To delight of urban gourmands, Elm City Market opens at last

 

 

NEW HAVEN — The long-awaited Elm City Market finally opened its doors at 360 State Street on November 5. The store anchors the street level of 360 State Street, the city’s newest and largest residential development. At 32 stories the second-tallest structure on the city skyline, 360 State houses 500 apartments, enclosed parking and more than 30,000 square feet of commercial space. Among retail tenants it is also the home of the Devil’s Gear Bike Shop, recently selected by Bicycling Magazine as one of the top 100 bicycle shops in America.

Developer Bruce Backer says that the apartments are renting ahead of schedule and are about “Eighty-percent occupied. We’re adding a percent or two each month.”

The gleaming new market has 14,000 square feet of selling space and 10,000 feet of backroom operations. The selling floor includes a bakery and deli and looks far different from most supermarkets with distinctive black and silver décor.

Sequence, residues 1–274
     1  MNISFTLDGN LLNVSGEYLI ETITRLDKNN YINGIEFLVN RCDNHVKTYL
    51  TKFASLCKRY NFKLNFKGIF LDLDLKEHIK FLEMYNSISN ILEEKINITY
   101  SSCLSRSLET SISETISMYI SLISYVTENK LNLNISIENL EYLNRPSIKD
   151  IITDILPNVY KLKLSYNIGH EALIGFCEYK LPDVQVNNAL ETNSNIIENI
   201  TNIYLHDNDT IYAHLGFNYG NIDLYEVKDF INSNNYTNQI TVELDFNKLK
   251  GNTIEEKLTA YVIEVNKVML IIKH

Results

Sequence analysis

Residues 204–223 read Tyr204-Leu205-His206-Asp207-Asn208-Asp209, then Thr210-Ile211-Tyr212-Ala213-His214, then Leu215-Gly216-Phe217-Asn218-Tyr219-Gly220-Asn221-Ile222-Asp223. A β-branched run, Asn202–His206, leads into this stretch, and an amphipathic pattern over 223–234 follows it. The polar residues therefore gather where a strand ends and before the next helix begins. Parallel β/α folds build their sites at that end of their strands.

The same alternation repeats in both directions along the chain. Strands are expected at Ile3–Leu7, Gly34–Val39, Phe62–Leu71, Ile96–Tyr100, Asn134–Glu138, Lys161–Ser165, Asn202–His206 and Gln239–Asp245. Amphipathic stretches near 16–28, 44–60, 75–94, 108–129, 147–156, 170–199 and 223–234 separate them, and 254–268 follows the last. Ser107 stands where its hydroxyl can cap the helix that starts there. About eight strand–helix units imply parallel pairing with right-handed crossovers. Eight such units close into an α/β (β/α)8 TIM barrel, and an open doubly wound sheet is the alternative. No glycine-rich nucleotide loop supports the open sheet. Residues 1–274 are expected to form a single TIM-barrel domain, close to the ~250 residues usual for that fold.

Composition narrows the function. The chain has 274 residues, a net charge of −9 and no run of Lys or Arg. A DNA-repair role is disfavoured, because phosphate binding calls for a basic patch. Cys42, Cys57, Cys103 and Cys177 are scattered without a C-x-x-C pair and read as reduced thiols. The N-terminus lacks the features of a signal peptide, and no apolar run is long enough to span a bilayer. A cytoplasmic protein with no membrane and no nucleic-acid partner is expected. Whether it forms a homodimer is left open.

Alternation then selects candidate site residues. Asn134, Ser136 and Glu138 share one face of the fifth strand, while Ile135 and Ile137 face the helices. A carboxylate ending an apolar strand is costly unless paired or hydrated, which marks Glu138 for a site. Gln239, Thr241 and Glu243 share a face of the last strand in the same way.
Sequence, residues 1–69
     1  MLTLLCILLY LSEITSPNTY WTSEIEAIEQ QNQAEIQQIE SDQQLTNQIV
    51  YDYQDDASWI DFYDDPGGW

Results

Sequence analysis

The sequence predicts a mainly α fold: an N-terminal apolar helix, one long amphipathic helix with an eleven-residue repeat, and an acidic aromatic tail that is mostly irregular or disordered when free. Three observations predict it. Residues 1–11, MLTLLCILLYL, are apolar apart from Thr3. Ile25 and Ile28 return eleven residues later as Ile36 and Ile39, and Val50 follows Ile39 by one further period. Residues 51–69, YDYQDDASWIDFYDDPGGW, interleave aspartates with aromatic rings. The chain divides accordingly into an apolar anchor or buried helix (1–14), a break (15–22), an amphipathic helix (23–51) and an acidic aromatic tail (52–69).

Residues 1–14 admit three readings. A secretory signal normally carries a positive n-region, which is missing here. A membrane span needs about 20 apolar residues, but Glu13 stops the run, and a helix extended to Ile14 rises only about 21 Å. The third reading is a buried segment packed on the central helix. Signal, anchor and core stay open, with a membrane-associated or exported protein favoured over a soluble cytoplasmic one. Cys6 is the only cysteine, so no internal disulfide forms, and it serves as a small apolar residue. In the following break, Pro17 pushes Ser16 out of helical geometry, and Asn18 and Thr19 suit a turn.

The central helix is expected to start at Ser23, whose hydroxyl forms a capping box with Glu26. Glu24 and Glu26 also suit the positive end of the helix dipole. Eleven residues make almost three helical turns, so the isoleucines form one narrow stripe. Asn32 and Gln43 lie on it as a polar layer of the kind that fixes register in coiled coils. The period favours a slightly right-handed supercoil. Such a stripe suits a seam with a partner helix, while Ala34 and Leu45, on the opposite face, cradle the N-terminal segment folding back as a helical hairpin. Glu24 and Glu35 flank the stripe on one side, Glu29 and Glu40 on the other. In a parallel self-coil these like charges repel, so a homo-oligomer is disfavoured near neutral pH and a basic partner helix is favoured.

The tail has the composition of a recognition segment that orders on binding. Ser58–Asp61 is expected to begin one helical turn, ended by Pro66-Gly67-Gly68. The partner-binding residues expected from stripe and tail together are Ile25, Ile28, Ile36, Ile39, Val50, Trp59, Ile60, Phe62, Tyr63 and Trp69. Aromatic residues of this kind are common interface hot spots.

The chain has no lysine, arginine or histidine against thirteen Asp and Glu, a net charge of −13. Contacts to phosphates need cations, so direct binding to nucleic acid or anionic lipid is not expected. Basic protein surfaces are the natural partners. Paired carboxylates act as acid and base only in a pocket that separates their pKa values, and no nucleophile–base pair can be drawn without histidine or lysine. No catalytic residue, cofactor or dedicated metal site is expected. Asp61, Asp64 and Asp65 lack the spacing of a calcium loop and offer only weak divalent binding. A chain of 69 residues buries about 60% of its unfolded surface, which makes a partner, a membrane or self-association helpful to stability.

A wide variety of distinctive food items and locally produced and sourced food products such as Chabaso and Whole G breads are available.

Becker originally sought a small supermarket tenant for the space, but when that failed to materialize he helped to organize a “co-op” ownership. Some 800 owner/members who paid $200 each for an “equity payment” proudly sported identity pins on the opening day. Membership entitles them to special discounts and to what is hoped to be an annual “cash back” payment

Noted Becker who organized the effort and arranged the $7 million in financing to build and open the market, “A similar coop in Burlington, Vt. paid a five-percent dividend back to members last year.”

Webster Bank provided $4 million of the financing, and the 360 State Street pension fund owners put up the rest. The store is expected to employ approximately 90 workers. The construction contractor was Chapel Construction.

The union pension fund owners of 360 State recently filed a lawsuit against the city of New Haven over its $5 million annual property-tax assessment. Estimates by the city’s Department of Economic Development had been for approximately $1.8 million when the project was submitted to the Board of Aldermen for approval.

Mayor John DeStefano Jr., who did not attend the market’s opening, has criticized Becker and the market’s all-volunteer board for not providing for union representation of the workers at the market.